Top 3 Ways To Make Your Room Feel Less Cluttered

Looking to get the most out of your space? Or have the stashed boxes of this and that finally started to feel like they're going to swallow you up? Then it's time to get serious about making your space feel cleaner, more open, and comfortable. Clutter can take on a lot of forms beyond stacks of papers stuffed into drawers. Even that gallery wall you painstakingly hung can feel like visual clutter, making the room feel more closed off and overfilled. 

KonMari Method has practically become a sacred text, revered for its advice on decluttering and discarding what no longer brings joy. While this principle seems simple enough, it can still take a lot of emotional energy and elbow grease to put it to the test. To help you jump into the task of making your space feel less overwhelming, we've put together some of the best concrete advice for a less cluttered, more relaxed home and lifestyle. 

1. Ruthlessly declutter

It's tempting to make a run to the home organization store, buy a hundred contraptions for finding order in your home, and leave with a much lighter wallet, but the first step to making your space feel lighter is to purge mercilessly. While it seems like keeping what sparks joy is all you need, consider what just doesn't make sense to keep anymore. Paid parking tickets, old health insurance brochures, and receipts may seem small enough, but over time can become overwhelming. If you are nervous about losing important info, consider downloading a phone camera-PDF scanner app, like the Scanner App from Cleaner LLC. 

Purging can also be difficult when it comes to sentimental items like kids' clothes and toys, gifts, and cards. This can result from a psychological phenomenon known as the endowment effect. The endowment effect, as noted by The Huffington Post, is the experience of valuing something more simply because you own it. Merely having it in your possession makes you feel loyalty and need to keep the object, but that's just not true. Instead, try to keep in mind that some objects are just that — nothing more. 

2. Find double-duty furniture

You don't need to get another filing cabinet to stack against your wall when it comes to decluttering. Adding new, large pieces of furniture strictly for storage can make a room feel even more stifling. Instead, look for furniture pieces that can work double-time as storage and function, per Decorating Den Interiors. Comfort pieces like couches, ottomans, and beds can come with hidden storage with top-hinge lids or pull-out drawers. These are great places to store blankets, throw pillows, board games, and even books. For more hidden storage furniture inspiration, check out these recommendations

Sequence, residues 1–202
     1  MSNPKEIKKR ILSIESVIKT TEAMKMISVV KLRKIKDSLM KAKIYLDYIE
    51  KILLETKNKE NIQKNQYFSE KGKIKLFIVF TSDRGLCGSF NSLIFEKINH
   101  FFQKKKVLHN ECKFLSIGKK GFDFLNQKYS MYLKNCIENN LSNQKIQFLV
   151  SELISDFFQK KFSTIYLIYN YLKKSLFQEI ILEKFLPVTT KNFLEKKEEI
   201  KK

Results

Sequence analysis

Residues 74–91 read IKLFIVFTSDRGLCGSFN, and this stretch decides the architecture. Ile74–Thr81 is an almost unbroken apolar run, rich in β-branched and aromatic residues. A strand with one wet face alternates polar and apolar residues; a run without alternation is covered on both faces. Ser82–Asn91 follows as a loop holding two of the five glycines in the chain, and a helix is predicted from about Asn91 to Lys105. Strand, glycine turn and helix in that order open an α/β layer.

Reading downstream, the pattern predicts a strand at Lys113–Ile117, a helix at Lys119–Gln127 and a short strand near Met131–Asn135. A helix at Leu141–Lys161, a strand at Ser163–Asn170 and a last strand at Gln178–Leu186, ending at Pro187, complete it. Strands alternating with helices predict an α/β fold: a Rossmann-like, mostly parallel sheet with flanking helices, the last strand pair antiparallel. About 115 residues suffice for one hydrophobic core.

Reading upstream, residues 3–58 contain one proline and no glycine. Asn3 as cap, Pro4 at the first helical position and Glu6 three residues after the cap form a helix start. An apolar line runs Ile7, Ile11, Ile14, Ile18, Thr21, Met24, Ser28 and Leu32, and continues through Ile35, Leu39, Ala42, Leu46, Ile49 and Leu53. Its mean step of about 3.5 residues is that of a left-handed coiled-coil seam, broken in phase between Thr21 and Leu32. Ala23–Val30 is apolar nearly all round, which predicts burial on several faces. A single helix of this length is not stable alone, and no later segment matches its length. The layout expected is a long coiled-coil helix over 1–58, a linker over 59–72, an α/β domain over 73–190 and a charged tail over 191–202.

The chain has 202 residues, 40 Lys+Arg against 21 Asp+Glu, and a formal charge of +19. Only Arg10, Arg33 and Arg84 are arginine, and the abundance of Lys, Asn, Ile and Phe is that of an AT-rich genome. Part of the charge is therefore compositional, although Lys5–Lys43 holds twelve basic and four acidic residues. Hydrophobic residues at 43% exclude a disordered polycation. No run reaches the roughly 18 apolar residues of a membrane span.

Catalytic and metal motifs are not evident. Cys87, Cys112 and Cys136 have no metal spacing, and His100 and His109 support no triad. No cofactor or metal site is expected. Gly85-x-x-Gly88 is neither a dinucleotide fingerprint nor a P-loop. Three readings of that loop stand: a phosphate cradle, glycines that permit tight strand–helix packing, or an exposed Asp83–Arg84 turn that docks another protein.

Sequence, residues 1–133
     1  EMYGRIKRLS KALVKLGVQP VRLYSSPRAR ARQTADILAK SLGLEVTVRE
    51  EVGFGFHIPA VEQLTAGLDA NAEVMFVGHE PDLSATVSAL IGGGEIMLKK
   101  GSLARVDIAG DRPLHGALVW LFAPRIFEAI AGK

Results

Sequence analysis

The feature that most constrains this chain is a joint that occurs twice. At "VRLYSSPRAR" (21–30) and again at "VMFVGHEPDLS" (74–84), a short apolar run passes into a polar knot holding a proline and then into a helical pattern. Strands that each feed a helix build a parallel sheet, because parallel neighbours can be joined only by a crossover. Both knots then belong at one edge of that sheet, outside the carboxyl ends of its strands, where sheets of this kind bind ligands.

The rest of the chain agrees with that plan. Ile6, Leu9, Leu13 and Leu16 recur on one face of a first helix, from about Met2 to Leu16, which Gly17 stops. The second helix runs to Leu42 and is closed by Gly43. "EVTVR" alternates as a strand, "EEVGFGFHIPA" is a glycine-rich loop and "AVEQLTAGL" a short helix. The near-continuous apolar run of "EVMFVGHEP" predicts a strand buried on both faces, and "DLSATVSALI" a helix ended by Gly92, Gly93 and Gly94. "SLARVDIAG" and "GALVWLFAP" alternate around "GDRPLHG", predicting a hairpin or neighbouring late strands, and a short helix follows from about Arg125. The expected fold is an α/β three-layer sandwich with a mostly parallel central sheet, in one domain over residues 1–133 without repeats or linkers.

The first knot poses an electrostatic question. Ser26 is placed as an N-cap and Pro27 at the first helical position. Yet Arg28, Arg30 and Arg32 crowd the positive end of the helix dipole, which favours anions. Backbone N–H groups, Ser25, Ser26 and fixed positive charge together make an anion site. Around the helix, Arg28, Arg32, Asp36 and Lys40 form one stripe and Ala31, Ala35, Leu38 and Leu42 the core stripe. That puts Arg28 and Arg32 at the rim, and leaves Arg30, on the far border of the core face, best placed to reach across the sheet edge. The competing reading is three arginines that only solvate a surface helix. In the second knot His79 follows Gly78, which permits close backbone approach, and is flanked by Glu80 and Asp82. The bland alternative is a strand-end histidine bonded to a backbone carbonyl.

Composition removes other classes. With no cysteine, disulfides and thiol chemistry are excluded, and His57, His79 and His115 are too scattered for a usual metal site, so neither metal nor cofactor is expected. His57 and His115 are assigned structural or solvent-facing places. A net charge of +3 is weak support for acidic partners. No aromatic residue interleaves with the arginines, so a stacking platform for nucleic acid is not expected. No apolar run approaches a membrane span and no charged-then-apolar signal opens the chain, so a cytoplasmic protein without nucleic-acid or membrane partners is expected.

On the other hand, think about what pieces of furniture are just taking up room. If you're tired of your bulky working desk and find yourself favoring the couch over the dining room table, consider eliminating these pieces. Instead, consider installing a Murphy table on the wall that can be folded flush against the wall with ease. 

3. Camouflage with paint

Beyond decluttering, which is the cost-free solution, and buying new furniture, the high-cost alternative, you're probably hoping for something in between that can make a significant impact in decluttering your space. A can of paint can go a long way to making your room feel bigger and less oppressive. If you have dark, bulky wooden furniture like a stool or entry table, or an eyesore of a radiator, consider slapping a coat of paint over it in the same shade as your wall. 

When working with a narrow room, Idea by Sico recommends employing a subtle illusion with contrasting paint colors. Use a light shade on the side walls and a darker tone on the wall farthest from the entry. This can make the room feel bigger and less confined. Accent walls are also a great way to add character and color to a room without taking up any space, making them a great part of your decluttering plans.